B.C.’s star-studded secondary appeared to be exactly who we thought they were, despite the absence of former CFL all-star Delvin Breaux at corner. In typical fashion, Edmonton’s quarterbacks were allowed plenty of open throws underneath — sometimes slightly too deep down the field for my liking — but those windows closed quickly whenever the Lions wanted them to.

Veteran T.J. Lee was outstanding once again, turning on a second gear when recovering to make a couple of fantastic interceptions and a few more pass breakups. Louchiez Purifoy was no slouch himself in his return to the den, adding a late interception, while Gary Peters had one of his own and Marcus Sayles nearly took one away in the first half.

I’ll always prefer the game in the trenches but since he joined the B.C. Lions’ staff, Ryan Phillips has given me a newfound appreciation for the excitement of great defensive back play. They continue to put me on the edge of my seat every time they are on the field.

Beginner’s luck

I wondered in my column last week where the Lions’ pass rush was going to come from this year and based on Week 1, the answer is backup defensive end Sione Teuhema. The rookie American from Southeastern Louisiana flashed early and often against the Elks, racking up three sacks in his first career CFL game.

He was full value for each of them, as the first came on a well-executed stunt between he and fellow rookie Nathan Cherry, the second on a devastating inside move, and the third by completely bulldozing Global tackle Steven Nielsen. The 250-pounder showed a quick first step and plenty of bend to finish, which bodes well for his career trajectory.

Re-runs are never as good

Lost amid all the other storylines in this game was the return of former B.C. Lions receiver Emmanuel Arceneaux to the CFL after a season-long absence. Few will be talking about it going forward either.

“The Manny Show” was one of the greatest pass catchers in franchise history when he was with the Leos, amassing 556 catches for 8,169 yards and 55 touchdowns in eight seasons. He has now played three games against the Lions wearing enemy colours, two with the Riders in 2019 and now this one with the Elks. He has combined for just four receptions and 30 yards in those appearances, with 19 of those coming on Saturday.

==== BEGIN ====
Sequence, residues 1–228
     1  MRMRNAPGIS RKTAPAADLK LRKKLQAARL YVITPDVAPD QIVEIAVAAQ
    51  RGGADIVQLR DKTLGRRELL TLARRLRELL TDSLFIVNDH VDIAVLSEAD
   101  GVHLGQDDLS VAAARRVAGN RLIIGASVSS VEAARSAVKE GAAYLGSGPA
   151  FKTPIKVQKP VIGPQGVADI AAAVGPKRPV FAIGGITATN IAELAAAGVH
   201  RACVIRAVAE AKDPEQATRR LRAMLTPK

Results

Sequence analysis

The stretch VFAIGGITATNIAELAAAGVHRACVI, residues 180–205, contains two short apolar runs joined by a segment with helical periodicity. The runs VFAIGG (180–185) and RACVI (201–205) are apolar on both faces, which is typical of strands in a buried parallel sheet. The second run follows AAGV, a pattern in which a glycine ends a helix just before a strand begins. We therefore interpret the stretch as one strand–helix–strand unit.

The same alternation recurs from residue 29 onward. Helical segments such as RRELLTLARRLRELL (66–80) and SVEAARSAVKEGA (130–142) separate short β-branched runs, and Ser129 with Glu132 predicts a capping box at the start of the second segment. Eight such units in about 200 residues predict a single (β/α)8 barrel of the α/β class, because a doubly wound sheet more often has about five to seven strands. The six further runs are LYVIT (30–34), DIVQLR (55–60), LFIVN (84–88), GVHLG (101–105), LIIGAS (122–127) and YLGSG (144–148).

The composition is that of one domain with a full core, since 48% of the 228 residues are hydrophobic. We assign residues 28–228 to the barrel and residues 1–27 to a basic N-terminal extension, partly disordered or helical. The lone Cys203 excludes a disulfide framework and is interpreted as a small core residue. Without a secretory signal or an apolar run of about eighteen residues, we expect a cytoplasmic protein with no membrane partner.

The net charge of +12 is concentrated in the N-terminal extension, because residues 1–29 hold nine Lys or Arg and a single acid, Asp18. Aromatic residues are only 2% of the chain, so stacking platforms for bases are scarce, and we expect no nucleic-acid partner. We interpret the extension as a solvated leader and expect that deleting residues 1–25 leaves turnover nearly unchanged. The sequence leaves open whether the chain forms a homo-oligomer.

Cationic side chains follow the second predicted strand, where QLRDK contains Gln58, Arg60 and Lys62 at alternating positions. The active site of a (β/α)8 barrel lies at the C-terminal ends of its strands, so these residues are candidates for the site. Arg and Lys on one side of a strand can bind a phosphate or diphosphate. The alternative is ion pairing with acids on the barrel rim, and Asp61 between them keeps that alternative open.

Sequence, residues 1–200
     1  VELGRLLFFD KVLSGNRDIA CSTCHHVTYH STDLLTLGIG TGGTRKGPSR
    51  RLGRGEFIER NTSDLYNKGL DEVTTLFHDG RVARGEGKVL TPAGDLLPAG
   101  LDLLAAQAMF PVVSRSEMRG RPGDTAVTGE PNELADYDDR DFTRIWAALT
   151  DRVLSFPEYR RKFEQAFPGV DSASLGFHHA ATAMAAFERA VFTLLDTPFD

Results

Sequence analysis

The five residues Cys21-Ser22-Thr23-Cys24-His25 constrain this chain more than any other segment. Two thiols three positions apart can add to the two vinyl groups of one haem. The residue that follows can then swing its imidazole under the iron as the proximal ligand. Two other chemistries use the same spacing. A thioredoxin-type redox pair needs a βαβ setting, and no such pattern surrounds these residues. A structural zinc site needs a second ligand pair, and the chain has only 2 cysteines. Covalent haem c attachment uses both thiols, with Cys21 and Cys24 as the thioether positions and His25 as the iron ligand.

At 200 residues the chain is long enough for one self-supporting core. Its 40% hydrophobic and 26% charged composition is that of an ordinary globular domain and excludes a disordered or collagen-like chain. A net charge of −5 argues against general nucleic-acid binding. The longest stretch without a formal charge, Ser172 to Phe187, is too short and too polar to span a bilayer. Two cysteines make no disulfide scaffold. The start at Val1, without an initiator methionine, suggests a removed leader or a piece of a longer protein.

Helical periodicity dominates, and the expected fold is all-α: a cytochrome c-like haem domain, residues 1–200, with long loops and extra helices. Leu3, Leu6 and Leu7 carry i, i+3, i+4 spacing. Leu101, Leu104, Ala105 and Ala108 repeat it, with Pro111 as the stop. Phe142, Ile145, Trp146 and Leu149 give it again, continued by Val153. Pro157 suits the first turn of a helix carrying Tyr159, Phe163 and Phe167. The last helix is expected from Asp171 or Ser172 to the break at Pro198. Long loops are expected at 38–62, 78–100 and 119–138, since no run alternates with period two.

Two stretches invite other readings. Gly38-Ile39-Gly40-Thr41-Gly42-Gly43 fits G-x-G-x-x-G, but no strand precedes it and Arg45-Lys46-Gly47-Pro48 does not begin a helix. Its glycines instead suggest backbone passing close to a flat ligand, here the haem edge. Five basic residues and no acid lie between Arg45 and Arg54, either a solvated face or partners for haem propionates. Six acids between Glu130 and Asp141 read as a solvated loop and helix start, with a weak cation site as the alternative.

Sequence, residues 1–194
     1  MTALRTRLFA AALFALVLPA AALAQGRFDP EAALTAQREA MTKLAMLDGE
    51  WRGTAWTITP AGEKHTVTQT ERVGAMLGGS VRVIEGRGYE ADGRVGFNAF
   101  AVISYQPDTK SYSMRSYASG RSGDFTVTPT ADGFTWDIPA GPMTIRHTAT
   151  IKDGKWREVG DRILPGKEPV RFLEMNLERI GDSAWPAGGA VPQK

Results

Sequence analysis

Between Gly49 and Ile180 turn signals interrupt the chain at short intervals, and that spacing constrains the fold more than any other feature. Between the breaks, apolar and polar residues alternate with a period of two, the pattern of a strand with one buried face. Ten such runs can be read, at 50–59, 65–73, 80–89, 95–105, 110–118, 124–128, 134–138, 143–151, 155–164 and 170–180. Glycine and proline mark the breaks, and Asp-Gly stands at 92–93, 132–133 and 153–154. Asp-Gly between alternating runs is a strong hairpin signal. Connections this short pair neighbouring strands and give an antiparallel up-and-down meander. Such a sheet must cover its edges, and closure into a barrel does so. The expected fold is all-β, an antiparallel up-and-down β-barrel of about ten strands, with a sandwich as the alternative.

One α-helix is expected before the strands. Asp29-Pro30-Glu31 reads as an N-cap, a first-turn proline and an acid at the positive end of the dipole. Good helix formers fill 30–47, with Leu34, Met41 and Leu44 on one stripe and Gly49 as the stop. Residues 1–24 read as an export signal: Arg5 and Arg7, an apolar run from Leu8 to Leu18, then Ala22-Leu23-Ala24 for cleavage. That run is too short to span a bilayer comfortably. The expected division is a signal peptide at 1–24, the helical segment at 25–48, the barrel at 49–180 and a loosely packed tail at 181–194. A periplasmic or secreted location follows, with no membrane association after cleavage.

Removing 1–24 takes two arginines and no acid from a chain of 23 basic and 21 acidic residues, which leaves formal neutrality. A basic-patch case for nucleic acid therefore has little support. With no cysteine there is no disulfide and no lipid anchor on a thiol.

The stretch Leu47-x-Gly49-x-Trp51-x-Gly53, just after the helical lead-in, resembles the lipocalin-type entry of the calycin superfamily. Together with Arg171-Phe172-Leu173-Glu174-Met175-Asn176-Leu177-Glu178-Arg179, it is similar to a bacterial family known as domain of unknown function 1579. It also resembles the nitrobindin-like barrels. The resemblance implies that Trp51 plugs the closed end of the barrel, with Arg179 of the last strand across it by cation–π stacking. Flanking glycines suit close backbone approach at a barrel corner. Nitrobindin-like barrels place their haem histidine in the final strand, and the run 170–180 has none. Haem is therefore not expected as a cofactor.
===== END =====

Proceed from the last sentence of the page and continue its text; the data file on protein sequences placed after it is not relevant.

Maple-soaked miracles

Rourke will deservedly earn all the headlines, but this game was historic for Canadian quarterbacks in much bigger ways.

In total, three homegrown signal-callers took snaps as Elks’ rookie Tre Ford and Lions’ backup Michael O’Connor both had their moment under centre. While neither had a huge impact — O’Connor plunged in for a garbage-time touchdown and Ford threw a pick — that has never happened in the history of the CFL.

“I was talking to somebody this week about the fact that it was super cool that when I was drafted in the league, Michael was the only other Canadian quarterback in the league and now there were three of us playing in this game,” Rourke said after the game.

“That’s pretty cool. Hopefully, we continue to go in that direction. I think we have some very talented talent, quarterback or not, and hopefully, we’re able to continue to prove that Canadians belong in the CFL.”

People in this country have waited more than fifty years for a Canadian quarterback to emerge and fill the shoes left by Russ Jackson. The candidates are finally here and there are many more coming down the pipe.

We’ve entered the golden age of the Canadian passer and it feels downright miraculous.

Popping the question

The Lions will break for an early-season bye next week and there will no doubt be plenty of people asking the pressing question: is B.C. this good or is Edmonton just that bad?

I don’t have an answer for you just yet, but the best response might be both.

J.C. Abbott is a University of British Columbia graduate and high school football coach. He covers the CFL, B.C. Lions, CFL Draft and the three-down league's Global initiative.